Around 25 percent of the US Government remains closed after attempts to resolve a dispute over the federal budget were abandoned on Thursday (December 27), CNN reports. The impasse, which forced science agencies such as the National Science Foundation (NSF), the Food and Drug Administration (FDA), and the Environmental Protection Agency to begin partially shutting down operations last week (December 22), is now likely to drag into 2019.
“I deeply regret that we face these challenges at any time—and especially at this time of the year,” wrote FDA Commissioner Scott Gottlieb in a letter to staff last week (December 20) and obtained by MedTech Dive, when the likelihood of a shutdown became clear. “I remain optimistic that Congress will work quickly to maintain the government’s funding so we may continue to carry out all of the activities that support our important mission.”
See “As Government Suspends Operations, Science Projects Go on Hold”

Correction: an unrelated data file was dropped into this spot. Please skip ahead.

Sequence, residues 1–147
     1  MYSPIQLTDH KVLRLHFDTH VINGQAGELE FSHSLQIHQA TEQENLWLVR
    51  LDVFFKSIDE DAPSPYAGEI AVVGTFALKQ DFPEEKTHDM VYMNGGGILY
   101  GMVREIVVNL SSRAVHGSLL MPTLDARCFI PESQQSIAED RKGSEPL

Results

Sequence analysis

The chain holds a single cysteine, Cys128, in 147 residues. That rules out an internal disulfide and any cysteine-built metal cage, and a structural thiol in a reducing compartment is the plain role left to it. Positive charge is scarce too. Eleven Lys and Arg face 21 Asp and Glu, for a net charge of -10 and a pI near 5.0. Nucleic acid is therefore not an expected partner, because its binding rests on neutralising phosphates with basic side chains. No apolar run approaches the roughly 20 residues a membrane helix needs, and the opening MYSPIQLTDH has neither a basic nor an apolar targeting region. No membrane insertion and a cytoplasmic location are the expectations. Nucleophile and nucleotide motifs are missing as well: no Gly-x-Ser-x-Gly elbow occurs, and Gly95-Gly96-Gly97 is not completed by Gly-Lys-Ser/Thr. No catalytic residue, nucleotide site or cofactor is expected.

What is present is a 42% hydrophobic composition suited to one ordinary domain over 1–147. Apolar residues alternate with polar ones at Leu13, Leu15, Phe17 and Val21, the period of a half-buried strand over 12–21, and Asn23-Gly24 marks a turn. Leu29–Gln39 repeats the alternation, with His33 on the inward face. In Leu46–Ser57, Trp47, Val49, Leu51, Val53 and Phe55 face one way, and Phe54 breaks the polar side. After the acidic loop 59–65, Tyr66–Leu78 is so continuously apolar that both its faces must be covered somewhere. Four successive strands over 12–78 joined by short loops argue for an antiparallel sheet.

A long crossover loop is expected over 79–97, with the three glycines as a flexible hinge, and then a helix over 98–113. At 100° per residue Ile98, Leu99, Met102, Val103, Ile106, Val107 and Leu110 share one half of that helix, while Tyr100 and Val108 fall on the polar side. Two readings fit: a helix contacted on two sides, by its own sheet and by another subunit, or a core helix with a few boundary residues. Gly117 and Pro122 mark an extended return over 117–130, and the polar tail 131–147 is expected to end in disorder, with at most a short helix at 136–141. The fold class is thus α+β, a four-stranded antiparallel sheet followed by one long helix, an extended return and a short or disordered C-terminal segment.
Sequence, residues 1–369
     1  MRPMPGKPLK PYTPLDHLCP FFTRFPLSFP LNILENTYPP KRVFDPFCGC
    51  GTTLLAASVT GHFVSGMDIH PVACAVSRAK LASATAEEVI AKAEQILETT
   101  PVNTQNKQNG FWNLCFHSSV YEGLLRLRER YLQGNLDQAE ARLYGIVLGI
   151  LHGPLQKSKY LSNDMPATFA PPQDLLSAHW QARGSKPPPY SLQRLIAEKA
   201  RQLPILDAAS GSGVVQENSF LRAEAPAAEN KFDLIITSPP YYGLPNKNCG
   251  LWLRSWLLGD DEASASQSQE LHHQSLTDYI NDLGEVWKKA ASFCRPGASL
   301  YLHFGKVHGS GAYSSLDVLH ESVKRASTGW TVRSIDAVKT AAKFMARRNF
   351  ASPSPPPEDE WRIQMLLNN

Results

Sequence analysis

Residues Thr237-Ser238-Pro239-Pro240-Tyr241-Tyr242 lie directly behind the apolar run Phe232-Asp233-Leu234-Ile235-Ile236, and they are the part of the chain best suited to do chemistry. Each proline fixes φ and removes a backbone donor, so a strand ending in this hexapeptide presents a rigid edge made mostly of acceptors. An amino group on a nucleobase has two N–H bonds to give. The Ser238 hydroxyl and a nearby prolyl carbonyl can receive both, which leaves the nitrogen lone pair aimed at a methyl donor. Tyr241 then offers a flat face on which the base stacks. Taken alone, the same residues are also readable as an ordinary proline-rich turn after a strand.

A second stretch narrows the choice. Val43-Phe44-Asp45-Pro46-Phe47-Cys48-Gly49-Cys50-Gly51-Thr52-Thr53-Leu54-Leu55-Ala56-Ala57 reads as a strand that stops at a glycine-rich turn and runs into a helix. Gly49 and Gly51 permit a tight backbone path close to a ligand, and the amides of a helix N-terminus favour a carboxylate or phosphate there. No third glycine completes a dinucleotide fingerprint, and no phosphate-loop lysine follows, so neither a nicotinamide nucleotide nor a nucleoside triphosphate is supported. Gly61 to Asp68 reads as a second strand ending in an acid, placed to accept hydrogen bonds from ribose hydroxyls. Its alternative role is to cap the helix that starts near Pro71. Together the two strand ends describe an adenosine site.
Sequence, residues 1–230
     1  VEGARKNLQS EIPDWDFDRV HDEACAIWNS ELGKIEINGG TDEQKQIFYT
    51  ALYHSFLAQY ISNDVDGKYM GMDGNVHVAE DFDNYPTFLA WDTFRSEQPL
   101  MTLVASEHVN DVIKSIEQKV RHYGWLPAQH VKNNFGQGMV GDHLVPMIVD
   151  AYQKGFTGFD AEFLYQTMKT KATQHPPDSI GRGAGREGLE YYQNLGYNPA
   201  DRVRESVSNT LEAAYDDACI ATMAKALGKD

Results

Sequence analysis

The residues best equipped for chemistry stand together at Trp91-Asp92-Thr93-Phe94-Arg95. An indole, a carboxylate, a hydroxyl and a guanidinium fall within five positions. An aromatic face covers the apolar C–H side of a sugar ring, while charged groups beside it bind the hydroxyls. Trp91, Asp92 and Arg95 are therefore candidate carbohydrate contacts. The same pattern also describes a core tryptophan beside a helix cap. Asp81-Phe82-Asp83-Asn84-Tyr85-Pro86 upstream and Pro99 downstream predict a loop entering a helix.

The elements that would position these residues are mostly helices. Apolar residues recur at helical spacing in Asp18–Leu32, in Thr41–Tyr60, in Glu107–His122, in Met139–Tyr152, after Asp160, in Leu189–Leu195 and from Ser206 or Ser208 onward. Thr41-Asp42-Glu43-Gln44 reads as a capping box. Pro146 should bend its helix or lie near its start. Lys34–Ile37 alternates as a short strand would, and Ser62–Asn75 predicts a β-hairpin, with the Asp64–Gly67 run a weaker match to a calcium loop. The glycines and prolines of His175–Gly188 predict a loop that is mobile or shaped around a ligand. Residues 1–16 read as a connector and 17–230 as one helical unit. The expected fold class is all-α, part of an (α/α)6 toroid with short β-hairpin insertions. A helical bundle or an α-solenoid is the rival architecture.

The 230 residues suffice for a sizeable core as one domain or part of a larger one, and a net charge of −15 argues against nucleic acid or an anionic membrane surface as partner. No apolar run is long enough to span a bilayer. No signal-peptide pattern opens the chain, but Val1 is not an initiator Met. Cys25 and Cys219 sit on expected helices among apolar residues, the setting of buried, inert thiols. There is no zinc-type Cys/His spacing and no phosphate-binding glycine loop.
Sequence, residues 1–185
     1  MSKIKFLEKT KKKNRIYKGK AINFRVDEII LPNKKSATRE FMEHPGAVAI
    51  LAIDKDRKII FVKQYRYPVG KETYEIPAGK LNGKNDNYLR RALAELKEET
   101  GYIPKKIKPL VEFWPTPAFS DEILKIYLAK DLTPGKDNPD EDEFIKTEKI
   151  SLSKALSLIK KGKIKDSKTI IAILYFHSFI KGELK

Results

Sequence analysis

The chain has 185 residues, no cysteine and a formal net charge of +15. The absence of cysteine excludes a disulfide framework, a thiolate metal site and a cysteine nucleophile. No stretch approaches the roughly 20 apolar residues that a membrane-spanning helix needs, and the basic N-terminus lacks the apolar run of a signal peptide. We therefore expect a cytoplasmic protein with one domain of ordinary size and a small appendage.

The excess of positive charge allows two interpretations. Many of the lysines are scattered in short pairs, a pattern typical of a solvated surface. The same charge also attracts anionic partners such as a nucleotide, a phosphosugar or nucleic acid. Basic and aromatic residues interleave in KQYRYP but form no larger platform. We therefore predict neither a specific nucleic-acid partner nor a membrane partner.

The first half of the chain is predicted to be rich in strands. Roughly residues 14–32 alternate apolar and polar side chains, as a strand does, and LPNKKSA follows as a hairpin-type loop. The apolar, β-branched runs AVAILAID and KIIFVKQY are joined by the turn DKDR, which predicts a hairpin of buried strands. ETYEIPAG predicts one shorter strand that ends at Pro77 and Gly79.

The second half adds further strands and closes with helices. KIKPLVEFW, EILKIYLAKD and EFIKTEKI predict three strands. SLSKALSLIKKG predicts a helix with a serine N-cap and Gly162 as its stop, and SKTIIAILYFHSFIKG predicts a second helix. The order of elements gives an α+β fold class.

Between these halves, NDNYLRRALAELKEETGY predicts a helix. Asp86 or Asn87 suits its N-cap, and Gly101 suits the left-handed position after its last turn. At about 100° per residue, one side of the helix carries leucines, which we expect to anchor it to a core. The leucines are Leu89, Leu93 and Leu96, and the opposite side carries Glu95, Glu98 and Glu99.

While some federal science agencies—including the Centers for Disease Control and Prevention and the National Institutes of Health—remain open thanks to special funding bills, many government offices have now wound down all but essential operations, with hundreds of thousands of remaining employees being required to work without pay.
The move means that grant checks from funding agencies such as the NSF won’t be issued, nor will new grant applications be reviewed. In a statement on its website, the NSF advises its reviewers to “monitor news outlets to determine if the Federal government, and therefore the NSF, is open for business. If the government is closed, panelists are instructed not to travel.” (Emphasis NSF’s.)
“Any shutdown of the federal government can disrupt or delay research projects, lead to uncertainty over new research, and reduce researcher access to agency data and infrastructure,” says Rush Holt, CEO of the American Association for the Advancement of Science and himself a former lawmaker (D-NJ), in a statement. “We urge Congress and the White House to work together in a bipartisan manner to reach an agreement on fiscal year 2019 appropriations that allows continued operation of research agencies. . . . Continuing resolutions and short-term extensions are no way to run a government.”
After yesterday’s attempts to pass a budget fell apart, efforts to reopen the government will now likely be delayed until Congress reconvenes—with a Democratic majority in the House resulting from November’s midterm elections—on January 3.